He issued a statement after being questions in a public meeting by Conservative assembly member Keith Prince, who cited this newspaper’s reporting. 

Tribunal judges accepted that a control room in Finchley Road, Swiss Cottage, had been a “toxic environment” where one Asian man was subjected to constant racist “jokes”, including being asked whether he had a bomb in his bag. 

Another complainant, of Caribbean heritage, was the victim of false allegations by colleagues, which the judges found were due to his race. 

The tribunal was brought against Arriva London Rail (ARL), which has run London Overground since 2016 under a seven-and-a-half-year deal with TFL. 

City Hall initially refused to provide any response from mayor Sadiq Khan, saying the incidents at the Swiss Cottage office, called Overground House, were an ARL issue, not a London Overground issue. 

 But Havering and Redbridge assembly member Keith Prince, who frequently raises transport-related issues at Mayor’s Question Time, questioned Mr Khan at City Hall on Thursday, November 17.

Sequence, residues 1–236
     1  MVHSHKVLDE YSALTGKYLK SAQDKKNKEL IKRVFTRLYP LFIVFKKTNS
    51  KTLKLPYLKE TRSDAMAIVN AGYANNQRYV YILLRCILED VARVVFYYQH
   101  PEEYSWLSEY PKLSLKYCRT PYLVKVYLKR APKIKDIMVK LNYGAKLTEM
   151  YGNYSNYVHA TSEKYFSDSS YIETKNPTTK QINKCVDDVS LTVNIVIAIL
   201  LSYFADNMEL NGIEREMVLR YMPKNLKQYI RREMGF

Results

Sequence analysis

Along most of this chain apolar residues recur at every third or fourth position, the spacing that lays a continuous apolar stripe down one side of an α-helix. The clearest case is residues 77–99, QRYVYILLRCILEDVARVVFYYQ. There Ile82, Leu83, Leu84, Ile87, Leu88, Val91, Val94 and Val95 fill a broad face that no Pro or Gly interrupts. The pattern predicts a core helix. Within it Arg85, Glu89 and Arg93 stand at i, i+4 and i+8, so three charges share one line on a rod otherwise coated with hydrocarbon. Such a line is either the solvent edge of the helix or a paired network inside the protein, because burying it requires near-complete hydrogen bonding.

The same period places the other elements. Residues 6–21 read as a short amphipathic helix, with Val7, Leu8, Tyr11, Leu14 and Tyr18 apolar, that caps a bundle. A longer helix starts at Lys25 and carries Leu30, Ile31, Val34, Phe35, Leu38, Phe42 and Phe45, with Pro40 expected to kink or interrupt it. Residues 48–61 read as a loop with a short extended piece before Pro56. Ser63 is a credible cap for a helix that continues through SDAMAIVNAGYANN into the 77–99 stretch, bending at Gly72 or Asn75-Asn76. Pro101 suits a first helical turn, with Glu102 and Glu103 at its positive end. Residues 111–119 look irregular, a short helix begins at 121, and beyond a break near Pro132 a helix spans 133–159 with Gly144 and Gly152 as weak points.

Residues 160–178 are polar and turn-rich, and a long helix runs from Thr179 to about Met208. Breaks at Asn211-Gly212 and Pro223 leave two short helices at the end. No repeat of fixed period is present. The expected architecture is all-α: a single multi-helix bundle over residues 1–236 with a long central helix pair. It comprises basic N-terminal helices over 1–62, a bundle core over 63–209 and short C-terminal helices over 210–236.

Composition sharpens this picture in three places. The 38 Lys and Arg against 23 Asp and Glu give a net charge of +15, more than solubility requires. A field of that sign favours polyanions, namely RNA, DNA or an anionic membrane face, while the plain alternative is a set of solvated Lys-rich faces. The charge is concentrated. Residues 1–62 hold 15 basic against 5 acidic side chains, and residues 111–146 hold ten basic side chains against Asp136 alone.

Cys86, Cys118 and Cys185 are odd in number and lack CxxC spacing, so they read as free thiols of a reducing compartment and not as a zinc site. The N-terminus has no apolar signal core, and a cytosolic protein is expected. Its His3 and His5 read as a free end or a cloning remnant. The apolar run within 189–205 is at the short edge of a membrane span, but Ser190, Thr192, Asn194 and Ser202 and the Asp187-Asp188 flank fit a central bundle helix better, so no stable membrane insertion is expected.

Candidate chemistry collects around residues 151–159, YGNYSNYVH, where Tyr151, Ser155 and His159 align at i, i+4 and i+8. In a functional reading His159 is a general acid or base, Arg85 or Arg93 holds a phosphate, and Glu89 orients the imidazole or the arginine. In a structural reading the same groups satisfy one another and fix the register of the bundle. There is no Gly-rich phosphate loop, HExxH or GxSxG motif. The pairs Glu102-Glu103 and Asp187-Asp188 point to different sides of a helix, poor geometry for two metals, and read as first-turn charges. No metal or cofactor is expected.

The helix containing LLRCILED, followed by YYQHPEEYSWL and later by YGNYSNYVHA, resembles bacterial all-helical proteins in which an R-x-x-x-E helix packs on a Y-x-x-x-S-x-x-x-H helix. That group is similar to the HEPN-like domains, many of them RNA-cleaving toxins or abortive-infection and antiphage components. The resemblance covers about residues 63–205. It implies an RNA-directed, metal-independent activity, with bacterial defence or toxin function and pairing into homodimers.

“Are you aware of the recent employment tribunal which found that there was a culture of racist bullying at the London Overground headquarters, run by Arriva Rail?” asked Mr Prince. 

“Mr Mayor, will you condemn this and what will you do to drive these practices out and ensure a cultural change at London Overground?” 

Mr Khan responded: “I wasn’t aware of that tribunal case but if that is the finding, of course I condemn it.” 

Mr Khan said he suspected his press office had refused to respond “because I was a bit distracted yesterday on other issues”. 

“I hadn’t seen the tribunal judgement,” he said. “But it’s a serious issue.” 

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